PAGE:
Recently, the Internal Revenue Service (IRS) issued guidance expanding the determination letter program for individually designed cash balance plans and plans merged following an acquisition transaction. In previous guidance, the old five-year cycle for obtaining updated determination letters for individually designed plans was eliminated, and plans could only receive a favorable determination letter in two narrow instances: upon initial adoption and at the plan’s termination. Rev. Proc. 2019-20 continues to allow plans to receive a favorable determination letter at adoption and termination, while also opening up the determination letter program for two specific types of plans: (1) hybrid plans (e.g., cash balance plans) and (2) merged plans.
Under the prior determination letter regime, statutory hybrid plans were generally not reviewed by the IRS for compliance with certain parts of the final hybrid plan regulations. Rev. Proc. 2019-20 permits hybrid plan sponsors to submit determination letter applications during the 12-month period beginning Sept. 1, 2019 and ending Aug. 31, 2020. This will allow hybrid plans to receive a favorable determination letter that covers the final hybrid plan regulations.
For plans submitted during this period, the IRS has provided reduced sanctions for certain document failures. Specifically, the IRS will not impose any sanctions for plan document failures related to the final hybrid plan regulations, even if the failure is discovered by the IRS during the determination letter application review process. In addition, the IRS will cap the sanction amount for failures caused by certain other good-faith amendment failures at the user fee that would have applied under the IRS’s Voluntary Compliance Program.
Under the new guidance, a “merged plan” is the surviving plan after two or more plans sponsored by unrelated entities are merged into a single individually designed plan in connection with a corporate transaction (i.e., a merger, acquisition or similar business transaction). To be eligible for a determination letter under this rule, the merged plan must meet two specific timing requirements: (1) the plan merger must occur no later than the end of the plan year after the corporate transaction and (2) the determination letter application for the merged plan must be submitted after the date of the plan merger, and no later than the end of the plan year after the plan merger. Plan sponsors who have recently undergone a merger, acquisition or similar business transaction or who expect to do so in the future should consider taking advantage of this opportunity to obtain a new IRS determination letter and should be cognizant of the timing requirements. The IRS will begin accepting determination letter applications for Merged Plans on Sept. 1, 2019.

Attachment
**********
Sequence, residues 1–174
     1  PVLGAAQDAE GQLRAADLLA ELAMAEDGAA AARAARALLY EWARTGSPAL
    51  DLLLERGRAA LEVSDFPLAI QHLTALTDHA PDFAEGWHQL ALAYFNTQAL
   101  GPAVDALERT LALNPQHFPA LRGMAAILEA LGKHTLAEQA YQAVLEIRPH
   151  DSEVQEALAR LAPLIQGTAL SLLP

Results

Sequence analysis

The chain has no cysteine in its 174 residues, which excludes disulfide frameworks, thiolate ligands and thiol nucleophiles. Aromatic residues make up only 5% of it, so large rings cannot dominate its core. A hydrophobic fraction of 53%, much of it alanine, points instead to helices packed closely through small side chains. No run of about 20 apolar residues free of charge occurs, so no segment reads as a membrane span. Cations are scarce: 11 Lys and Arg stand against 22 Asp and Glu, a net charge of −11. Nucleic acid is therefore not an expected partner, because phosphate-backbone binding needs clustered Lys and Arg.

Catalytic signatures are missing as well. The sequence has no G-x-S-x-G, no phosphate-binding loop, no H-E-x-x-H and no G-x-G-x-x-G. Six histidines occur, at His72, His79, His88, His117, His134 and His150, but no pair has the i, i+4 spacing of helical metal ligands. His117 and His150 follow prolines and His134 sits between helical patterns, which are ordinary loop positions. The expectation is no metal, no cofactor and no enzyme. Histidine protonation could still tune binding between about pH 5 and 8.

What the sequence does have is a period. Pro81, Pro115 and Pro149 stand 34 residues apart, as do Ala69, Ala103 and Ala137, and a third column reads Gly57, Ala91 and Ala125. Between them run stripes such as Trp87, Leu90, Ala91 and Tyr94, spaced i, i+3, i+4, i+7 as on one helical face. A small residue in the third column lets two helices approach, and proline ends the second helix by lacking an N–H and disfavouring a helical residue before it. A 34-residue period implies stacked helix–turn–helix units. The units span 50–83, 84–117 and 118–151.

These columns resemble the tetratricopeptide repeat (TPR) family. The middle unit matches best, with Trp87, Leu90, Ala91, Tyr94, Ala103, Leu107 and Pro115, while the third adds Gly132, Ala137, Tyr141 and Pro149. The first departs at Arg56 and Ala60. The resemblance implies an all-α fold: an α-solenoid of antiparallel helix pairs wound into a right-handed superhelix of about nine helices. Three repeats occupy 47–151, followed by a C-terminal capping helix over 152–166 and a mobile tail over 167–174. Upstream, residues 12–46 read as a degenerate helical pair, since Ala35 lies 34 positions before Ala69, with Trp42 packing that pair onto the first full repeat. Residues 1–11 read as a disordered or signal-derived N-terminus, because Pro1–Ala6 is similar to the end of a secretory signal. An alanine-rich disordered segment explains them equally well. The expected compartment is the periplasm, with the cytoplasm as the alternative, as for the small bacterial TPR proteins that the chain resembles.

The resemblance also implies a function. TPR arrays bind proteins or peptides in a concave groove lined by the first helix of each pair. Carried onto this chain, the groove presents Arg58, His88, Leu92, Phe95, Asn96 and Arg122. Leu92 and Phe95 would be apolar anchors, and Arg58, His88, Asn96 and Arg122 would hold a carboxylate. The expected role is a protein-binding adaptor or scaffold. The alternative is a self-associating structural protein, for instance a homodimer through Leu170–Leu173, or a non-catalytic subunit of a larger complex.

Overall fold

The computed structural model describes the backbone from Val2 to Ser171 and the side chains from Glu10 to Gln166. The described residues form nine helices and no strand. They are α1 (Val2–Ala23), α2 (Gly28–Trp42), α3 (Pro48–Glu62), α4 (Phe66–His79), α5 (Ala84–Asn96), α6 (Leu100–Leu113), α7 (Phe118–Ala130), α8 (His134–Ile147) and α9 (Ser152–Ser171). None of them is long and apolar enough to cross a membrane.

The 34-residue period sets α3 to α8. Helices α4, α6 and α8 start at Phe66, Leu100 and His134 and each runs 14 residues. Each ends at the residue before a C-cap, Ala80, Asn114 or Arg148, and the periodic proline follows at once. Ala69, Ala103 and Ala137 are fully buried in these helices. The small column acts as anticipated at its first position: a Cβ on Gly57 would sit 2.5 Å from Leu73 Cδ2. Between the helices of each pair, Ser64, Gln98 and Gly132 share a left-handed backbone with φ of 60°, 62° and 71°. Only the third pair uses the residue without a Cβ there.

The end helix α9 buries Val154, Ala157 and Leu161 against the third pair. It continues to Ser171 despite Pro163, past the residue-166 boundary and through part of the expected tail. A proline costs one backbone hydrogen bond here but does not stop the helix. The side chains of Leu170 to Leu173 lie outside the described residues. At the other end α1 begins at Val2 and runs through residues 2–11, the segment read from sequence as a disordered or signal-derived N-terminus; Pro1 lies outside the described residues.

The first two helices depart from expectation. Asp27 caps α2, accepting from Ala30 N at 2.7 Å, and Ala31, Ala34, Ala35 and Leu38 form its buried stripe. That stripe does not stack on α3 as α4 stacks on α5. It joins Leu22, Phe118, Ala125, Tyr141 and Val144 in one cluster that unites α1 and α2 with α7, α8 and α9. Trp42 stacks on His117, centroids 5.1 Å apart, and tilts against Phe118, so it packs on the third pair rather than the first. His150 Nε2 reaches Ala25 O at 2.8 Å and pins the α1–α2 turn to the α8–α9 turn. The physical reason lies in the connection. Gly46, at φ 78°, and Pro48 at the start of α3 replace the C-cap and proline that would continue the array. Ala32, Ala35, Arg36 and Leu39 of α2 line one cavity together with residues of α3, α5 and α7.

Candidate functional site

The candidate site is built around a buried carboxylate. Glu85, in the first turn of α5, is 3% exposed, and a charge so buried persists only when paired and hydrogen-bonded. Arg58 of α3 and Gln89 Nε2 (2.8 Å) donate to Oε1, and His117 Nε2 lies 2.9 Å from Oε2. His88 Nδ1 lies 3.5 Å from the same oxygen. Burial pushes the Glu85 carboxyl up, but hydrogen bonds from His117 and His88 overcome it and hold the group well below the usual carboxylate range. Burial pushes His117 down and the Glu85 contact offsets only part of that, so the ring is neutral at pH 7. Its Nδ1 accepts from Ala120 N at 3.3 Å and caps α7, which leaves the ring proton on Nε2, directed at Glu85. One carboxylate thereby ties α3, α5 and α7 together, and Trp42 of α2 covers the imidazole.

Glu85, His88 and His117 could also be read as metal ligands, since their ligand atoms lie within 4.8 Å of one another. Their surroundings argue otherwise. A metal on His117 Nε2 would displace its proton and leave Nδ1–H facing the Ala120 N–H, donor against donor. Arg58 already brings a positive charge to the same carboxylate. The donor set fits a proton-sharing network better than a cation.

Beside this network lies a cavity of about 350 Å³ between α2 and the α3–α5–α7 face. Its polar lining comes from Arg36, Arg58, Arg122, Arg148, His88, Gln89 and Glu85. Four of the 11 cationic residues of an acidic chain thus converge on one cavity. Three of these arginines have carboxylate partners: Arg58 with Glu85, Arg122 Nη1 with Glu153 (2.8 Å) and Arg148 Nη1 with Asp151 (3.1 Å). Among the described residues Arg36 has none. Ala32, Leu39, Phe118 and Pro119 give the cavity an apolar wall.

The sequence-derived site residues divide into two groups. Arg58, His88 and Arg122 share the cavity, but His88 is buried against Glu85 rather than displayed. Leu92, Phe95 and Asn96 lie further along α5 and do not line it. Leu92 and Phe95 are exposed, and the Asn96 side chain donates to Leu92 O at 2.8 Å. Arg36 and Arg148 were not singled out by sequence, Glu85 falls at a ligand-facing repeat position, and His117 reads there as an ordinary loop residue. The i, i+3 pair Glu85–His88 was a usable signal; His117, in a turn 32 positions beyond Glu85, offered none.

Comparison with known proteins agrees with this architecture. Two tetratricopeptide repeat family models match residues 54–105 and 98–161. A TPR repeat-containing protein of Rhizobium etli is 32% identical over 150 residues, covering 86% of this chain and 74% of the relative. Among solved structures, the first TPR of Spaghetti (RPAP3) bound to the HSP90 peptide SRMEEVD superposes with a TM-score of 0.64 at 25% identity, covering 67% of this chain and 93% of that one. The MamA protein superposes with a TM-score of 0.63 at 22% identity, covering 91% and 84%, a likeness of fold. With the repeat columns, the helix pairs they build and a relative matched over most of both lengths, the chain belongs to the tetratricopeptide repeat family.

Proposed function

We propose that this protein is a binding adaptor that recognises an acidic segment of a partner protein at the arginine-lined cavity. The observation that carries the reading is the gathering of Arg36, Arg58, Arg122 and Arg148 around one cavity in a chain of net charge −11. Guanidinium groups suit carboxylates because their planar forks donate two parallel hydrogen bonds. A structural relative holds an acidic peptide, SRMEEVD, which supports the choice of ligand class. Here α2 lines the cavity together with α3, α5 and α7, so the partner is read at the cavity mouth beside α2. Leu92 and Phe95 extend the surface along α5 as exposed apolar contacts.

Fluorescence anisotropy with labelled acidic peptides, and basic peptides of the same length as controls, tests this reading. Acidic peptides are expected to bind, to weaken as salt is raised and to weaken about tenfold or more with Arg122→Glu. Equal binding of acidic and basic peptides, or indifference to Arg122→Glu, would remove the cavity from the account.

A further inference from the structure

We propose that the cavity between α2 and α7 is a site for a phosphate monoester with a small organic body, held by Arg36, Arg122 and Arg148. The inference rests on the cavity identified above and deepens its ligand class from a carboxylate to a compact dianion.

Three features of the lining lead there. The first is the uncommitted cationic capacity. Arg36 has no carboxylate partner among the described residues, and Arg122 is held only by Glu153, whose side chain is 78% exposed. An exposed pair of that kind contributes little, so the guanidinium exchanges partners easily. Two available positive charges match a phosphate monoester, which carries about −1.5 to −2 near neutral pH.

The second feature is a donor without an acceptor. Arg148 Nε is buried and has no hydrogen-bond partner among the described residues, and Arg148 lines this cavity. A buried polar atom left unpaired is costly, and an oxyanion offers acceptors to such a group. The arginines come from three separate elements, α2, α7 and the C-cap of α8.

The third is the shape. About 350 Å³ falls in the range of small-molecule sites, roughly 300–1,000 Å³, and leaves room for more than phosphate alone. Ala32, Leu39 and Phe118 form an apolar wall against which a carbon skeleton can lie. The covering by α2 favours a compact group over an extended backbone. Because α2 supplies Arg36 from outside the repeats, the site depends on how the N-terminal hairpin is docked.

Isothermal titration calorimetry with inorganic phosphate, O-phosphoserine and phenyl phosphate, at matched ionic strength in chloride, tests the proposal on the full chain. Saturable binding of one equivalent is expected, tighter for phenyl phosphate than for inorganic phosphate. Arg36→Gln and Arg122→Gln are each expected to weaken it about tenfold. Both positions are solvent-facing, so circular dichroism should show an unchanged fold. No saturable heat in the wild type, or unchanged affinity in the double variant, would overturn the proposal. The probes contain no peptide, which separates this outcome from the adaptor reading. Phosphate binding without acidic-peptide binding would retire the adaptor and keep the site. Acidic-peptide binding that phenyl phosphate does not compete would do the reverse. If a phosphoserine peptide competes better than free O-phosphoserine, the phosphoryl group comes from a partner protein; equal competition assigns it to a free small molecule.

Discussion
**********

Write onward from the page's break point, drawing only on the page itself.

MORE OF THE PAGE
For merged plans, the IRS has provided reduced sanctions for certain failures. The IRS will not impose any sanctions for plan document failures caused by plan provisions “intended to effectuate the merger.” In addition, the IRS will cap the sanction amount for failures caused by certain good-faith amendments at the user fee that would have applied under the IRS’s Voluntary Compliance Program.
Rev. Proc. 2019-20 is very good news for employers who maintain individually designed plans. The plan sponsor community has been asking for an expanded determination letter program since the IRS announced the end of the five-year cycles in 2016. With this newly expanded program, plan sponsors can rest assured that hybrid plans and merged plans meet the IRS’s document requirements for plan qualification, and the potential for reduced sanctions provides a valuable incentive for plan sponsors to take advantage of the expanded program.
Attorneys in Taft’s Employee Benefits & Executive Compensation group are available to assist plan sponsors with evaluating whether their qualified retirement plans should be submitted to the IRS for a favorable determination letter and to discuss any other requirements that apply to qualified retirement plans.